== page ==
Employers are NOT restricted in making factual comments on former employers. They are liable only if they make knowingly false statements. Prospective employers can ask about your former job, too.
The date when they can start to work for the new employer if they were to be employed. (They ask this because when some people who are already in work want to get a new, different job, they may have to give notice and work out the contract with the old employer).
It depends if you want to. They are asking if they can talk to your employer and see how you did and so on. You want to say yes or no depending on what the employer will say about you.
NO just say it is personal
You say money and babes
No, what an employer can do is say how much he/she is willing to pay. If you don't like it, you can go get a different job.
Prepare for this question beforehand, and answer using verbs (actions) that demonstrate skills you have acquired or are proficient in. Don't lie, tell the truth about your skills so that you will both know whether or not this job is appropriate for you. If you are eager to learn, say that as well.
An employer cannot say you were terminated, but they can say you are not eligible for rehire. Texas is an 'at will' state and can fire you for any reason.
The truth, or what you think is the truth, do not lie, you won't get the job.
1 - is this person re-hirable and #2 - you can ask for dates of employment.I think that's all you can legally askNo statute restricts what a employer can ask. Almost no restrictions on what a former employer can say about a worker. No factual info can create defamation liability - only falsehoods. can.
Because you have lost your job and are no longer working for that employer.
If you were a good employee, but had a misunderstanding with your former employer you should have tried to get a Letter of Recommendation. It's tough to prove that your former employer is saying anything bad about you so there is little you can do. I don't know how long you worked before, but, if it was just a year or two then on your Resume just skip the last job if you can. I have done that. If they ask just say you took the year off. If I don't trust the former employer I will choose a Supervisor or another person with a position in that company for the next possible employer to contact.
Although you may be upset about it whatever you do, do not go off on them. Just talk it out, ask why your being fired and see if there's anything you could possibly do to keep your job. But don't beg to keep your job, and if they say that there isn't anything that you can do then accept that.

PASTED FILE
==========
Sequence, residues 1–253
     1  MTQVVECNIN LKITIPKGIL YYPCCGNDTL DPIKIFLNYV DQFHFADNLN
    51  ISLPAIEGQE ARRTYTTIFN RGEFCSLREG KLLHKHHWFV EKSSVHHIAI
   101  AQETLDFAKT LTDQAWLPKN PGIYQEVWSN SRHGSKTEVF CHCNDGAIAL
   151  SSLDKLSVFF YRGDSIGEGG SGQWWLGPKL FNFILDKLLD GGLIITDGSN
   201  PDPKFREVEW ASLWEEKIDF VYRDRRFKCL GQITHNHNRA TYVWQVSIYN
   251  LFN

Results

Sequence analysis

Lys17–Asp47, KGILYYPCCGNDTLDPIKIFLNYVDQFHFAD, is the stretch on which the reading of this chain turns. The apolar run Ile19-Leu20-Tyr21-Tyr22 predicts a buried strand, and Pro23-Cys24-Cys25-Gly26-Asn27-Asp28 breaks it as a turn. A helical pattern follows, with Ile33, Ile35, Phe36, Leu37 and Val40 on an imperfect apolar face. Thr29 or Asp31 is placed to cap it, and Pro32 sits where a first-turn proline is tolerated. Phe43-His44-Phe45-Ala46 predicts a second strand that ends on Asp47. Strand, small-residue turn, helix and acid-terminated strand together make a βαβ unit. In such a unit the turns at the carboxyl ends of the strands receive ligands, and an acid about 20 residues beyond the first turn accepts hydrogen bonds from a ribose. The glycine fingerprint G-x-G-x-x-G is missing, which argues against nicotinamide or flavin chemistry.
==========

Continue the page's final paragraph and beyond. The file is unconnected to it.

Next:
If a person wants to turn down a job, they could write an email or call the employer. They can tell the employer that are no longer interested in the position and thank them for the opportunity.
Yes if it relates to your job performance.
There are many things you could say when an employer asks you why you want to join a company. You may for example want the opportunity to work on your communication skills.
If you missed your first day of work and you haven't done your employer the courtesy of calling to say why you weren't going to show up, I'd predict that you won't need to worry about getting the note since you won't have the job.
if it was something serious and something u think your employer out to know then yes otherwise keep it to yourself
Yes, if you left your last employer because of an illness then of course.
If this is difficult to answer it is often best to say it was a temporary contract that came to an end and you chose not to renew the contract. Make sure you do not say anything negative about your former employer as this will not get you the job.
you can say that the job just did not fit what you wanted to do with the of your life
This is a trick question in a job interview. You should always answer tactfully and never say bad things about your previous employer, even if you have nothing good to say about them.
I think only if their employer desides to file on their behalf but the employer also has to prove that he/she cant find a US citizen who can perform the same job as you can, which is kind of a hard thing to do. Or if your job is in demand then they can easily file for you like lets say..a doctor... I think only if their employer desides to file on their behalf but the employer also has to prove that he/she cant find a US citizen who can perform the same job as you can, which is kind of a hard thing to do. Or if your job is in demand then they can easily file for you like lets say..a doctor...
Strong organizational skills and the ability to be a leader.